BMJ-British Medical Journal. (2007, March 16). Are Journal Rankings Distorting Science?. ScienceDaily. Retrieved July 25, 2014 from www.sciencedaily.com/releases/2007/03/070315210038.htm
BMJ-British Medical Journal. "Are Journal Rankings Distorting Science?." ScienceDaily. www.sciencedaily.com/releases/2007/03/070315210038.htm (accessed July 25, 2014).

Share This




More Mind & Brain News

Friday, July 25, 2014

Featured Research

from universities, journals, and other organizations


Featured Videos

from AP, Reuters, AFP, and other news services

Beatings and Addiction: Pakistan Drug 'clinic' Tortures Patients

Beatings and Addiction: Pakistan Drug 'clinic' Tortures Patients

AFP (July 24, 2014) A so-called drugs rehab 'clinic' is closed down in Pakistan after police find scores of ‘patients’ chained up alleging serial abuse. Duration 03:05 Video provided by AFP
Powered by NewsLook.com
New Painkiller Designed To Discourage Abuse: Will It Work?

New Painkiller Designed To Discourage Abuse: Will It Work?

Newsy (July 24, 2014) The FDA approved Targiniq ER on Wednesday, a painkiller designed to keep users from abusing it. Like any new medication, however, it has doubters. Video provided by Newsy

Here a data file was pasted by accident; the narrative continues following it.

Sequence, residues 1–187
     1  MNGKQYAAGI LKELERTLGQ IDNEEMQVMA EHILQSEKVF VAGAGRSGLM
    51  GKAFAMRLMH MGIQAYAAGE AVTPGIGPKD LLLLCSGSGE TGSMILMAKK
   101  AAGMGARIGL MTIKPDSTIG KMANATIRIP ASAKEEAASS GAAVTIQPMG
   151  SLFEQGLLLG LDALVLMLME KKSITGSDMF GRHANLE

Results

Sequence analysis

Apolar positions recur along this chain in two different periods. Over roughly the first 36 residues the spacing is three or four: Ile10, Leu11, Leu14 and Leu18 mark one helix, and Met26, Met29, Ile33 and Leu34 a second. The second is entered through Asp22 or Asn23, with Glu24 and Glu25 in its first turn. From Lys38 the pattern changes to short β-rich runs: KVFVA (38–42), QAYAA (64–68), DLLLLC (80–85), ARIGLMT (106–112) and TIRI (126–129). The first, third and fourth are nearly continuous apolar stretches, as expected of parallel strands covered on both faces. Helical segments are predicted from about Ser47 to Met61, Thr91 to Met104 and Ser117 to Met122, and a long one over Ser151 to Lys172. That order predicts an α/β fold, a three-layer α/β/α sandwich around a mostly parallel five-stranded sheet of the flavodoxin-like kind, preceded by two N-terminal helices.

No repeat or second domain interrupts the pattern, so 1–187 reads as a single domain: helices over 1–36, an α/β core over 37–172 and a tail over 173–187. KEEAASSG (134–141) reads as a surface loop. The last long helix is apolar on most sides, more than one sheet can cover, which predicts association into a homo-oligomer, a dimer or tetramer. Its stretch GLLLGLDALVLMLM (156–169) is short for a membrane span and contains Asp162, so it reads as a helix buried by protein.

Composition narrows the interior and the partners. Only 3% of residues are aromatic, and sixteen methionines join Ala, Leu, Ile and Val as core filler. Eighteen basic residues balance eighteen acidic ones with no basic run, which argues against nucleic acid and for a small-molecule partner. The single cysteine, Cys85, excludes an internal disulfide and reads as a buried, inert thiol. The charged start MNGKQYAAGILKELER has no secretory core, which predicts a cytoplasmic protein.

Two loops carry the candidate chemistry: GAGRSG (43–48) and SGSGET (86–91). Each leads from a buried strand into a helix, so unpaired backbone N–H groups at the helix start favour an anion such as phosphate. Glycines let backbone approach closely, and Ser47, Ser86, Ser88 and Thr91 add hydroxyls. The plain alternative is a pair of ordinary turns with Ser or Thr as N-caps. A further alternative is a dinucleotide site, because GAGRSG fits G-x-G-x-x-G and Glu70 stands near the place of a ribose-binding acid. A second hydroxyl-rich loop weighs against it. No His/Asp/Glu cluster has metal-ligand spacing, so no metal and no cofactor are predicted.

Powered by NewsLook.com
Can Watching TV Make You Feel Like A Failure?

Can Watching TV Make You Feel Like A Failure?

Newsy (July 24, 2014) A study by German researchers claims watching TV while you're stressed out can make you feel guilty and like a failure. Video provided by Newsy
Powered by NewsLook.com
China's Ageing Millions Look Forward to Bleak Future

China's Ageing Millions Look Forward to Bleak Future

AFP (July 24, 2014) China's elderly population is expanding so quickly that children struggle to look after them, pushing them to do something unexpected in Chinese society- move their parents into a nursing home. Duration: 02:07 Video provided by AFP
Powered by NewsLook.com

Search ScienceDaily

Number of stories in archives: 140,361

Find with keyword(s):
Enter a keyword or phrase to search ScienceDaily for related topics and research stories.

Save/Print:
Share:

Breaking News:
from the past week

In Other News

... from NewsDaily.com

Science News

    Health News

      Environment News

        Technology News



          Save/Print:
          Share:

          Free Subscriptions


          Get the latest science news with ScienceDaily's free email newsletters, updated daily and weekly. Or view hourly updated newsfeeds in your RSS reader:

          Get Social & Mobile


          Keep up to date with the latest news from ScienceDaily via social networks and mobile apps:

          Have Feedback?


          Tell us what you think of ScienceDaily -- we welcome both positive and negative comments. Have any problems using the site? Questions?
          Mobile: iPhone Android Web
          Follow: Facebook Twitter Google+
          Subscribe: RSS Feeds Email Newsletters
          Latest Headlines Health & Medicine Mind & Brain Space & Time Matter & Energy Computers & Math Plants & Animals Earth & Climate Fossils & Ruins